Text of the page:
Sulh is a centuries-old Arab-Islamic peacemaking practice. Rasha Diab explores the possibilities and limits of the rhetoric of sulh as it is used to resolve interpersonal, communal, and (inter)national conflicts—with a case illustrating each of these domains. The cases range from medieval to contemporary times and are analyzed using both rhetorical and critical discourse analyses.
Rasha Diab is assistant professor of rhetoric and writing and affiliate in the departments of English and Middle Eastern Studies at the University of Texas at Austin.
“A rich, important, and fascinating study. Troubling programmatic accounts of conflict resolution and challenging traditional approaches to the study of Arab and Arab-Islamic discourse, Diab offers a groundbreaking investigation into the initiation, performance, and stakes of sulh. She sheds crucial light on the deep and complex relationship between peacemaking, transitional justice, and reconciliation. Her work deserves close consideration by scholars of rhetoric, politics, Islamic studies, law, anthropology, and human rights.”—Erik Doxtader, University of South Carolina and Institute for Justice and Reconciliation
“This in-depth examination of sulh rhetoric is much needed and makes an essential contribution to the study of sulh as an indigenous and homegrown peacemaking tool. Rooted in Arab and Islamic cultural and religious sources, sulh indeed can be seen as ‘the gift of possibility’ for many of our current challenges in responding to conflicts.”—Mohammed Abu-Nimer, American University, International Peace and Conflict Resolution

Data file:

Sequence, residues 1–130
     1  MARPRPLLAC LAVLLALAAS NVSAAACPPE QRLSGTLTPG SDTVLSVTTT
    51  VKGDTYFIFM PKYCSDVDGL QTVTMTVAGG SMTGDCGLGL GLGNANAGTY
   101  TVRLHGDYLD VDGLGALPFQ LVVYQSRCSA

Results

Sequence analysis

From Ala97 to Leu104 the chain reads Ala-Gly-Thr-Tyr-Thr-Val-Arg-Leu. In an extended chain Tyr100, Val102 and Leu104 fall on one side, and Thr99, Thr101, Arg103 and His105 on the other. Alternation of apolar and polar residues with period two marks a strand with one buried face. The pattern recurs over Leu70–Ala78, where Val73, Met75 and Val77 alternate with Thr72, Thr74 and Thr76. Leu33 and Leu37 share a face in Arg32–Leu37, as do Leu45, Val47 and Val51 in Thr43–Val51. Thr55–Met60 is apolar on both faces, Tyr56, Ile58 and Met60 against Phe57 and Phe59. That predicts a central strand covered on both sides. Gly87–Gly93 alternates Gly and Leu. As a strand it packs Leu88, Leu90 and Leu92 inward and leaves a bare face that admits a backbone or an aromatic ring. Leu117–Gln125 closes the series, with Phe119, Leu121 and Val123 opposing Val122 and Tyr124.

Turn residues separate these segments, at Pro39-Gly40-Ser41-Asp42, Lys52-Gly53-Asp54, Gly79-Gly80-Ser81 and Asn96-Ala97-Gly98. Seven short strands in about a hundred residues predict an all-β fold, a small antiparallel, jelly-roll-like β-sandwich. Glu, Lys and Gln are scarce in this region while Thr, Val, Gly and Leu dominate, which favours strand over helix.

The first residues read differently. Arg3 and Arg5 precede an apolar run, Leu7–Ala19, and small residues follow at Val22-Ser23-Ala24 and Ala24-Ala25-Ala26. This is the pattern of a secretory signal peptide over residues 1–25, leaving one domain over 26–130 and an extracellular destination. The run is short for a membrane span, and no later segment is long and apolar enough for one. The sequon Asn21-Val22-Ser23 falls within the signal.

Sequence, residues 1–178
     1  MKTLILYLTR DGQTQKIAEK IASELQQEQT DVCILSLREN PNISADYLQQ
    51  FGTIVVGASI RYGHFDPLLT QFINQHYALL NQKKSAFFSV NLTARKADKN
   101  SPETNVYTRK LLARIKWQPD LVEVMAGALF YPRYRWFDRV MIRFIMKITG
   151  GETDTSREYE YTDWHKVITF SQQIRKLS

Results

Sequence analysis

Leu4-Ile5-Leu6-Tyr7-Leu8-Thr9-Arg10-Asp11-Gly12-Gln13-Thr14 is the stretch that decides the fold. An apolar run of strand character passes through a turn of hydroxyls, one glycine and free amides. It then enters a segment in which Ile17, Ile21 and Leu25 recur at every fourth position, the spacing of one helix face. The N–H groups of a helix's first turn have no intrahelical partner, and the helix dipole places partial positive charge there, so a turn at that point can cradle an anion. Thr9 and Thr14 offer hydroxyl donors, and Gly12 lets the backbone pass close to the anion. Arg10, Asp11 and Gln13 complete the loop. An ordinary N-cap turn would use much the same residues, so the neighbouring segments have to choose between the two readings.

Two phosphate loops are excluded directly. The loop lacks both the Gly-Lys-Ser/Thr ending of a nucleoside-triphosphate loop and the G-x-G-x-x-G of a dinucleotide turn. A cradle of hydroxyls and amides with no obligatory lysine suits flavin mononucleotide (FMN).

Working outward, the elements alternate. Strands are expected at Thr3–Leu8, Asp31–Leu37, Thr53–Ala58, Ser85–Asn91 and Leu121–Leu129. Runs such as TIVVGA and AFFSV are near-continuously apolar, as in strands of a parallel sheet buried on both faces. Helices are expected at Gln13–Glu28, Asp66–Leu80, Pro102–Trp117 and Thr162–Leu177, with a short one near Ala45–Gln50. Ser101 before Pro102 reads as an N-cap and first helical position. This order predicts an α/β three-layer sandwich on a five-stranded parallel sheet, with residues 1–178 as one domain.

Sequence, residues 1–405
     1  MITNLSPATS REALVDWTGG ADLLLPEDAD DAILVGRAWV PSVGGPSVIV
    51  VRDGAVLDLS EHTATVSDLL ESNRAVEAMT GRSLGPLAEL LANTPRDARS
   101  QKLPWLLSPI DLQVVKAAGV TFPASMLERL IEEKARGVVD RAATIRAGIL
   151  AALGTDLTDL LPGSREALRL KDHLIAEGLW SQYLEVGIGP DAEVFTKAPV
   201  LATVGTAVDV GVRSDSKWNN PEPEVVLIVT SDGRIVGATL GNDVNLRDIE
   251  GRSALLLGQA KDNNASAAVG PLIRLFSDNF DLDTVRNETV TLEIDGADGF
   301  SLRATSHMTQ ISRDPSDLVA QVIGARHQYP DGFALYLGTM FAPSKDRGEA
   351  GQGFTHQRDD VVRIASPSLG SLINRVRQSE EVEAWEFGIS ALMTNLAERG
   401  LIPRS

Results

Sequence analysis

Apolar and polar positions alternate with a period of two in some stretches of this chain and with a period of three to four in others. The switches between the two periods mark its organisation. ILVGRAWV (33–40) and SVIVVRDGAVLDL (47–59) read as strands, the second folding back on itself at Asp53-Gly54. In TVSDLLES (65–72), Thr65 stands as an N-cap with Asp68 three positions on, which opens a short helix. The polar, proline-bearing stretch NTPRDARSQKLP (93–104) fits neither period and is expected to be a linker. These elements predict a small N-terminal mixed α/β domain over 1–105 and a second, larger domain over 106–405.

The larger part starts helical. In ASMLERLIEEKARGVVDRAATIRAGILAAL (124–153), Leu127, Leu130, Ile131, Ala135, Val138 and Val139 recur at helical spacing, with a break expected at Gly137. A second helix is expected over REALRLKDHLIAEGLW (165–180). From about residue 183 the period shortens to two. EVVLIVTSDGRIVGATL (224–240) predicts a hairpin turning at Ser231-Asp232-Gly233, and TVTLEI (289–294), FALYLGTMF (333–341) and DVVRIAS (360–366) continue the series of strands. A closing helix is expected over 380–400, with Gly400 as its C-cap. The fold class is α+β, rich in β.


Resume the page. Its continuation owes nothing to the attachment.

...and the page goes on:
Sulh is a centuries-old Arab-Islamic peacemaking process. In Shades of Sulh, Rasha Diab explores the possibilities of the rhetoric of sulh, as it is used to resolve intrapersonal, interpersonal, communal, national, and international conflicts, and provides cases that illustrate each of these domains. Diab demonstrates the adaptability and range of sulh as a ritual and practice that travels across spheres of activity (juridical, extra-juridical, political, diplomatic), through time (medieval, modern, contemporary), and over geopolitical borders (Cairo, Galilee, and Medina). Together, the cases prove the flexibility of sulh in the discourse of peacemaking—and that sulh has remarkable rhetorical longevity, versatility, and richness. Shades of Sulh sheds new light on rhetorics of reconciliation, human rights discourse, and Arab-Islamic rhetorics.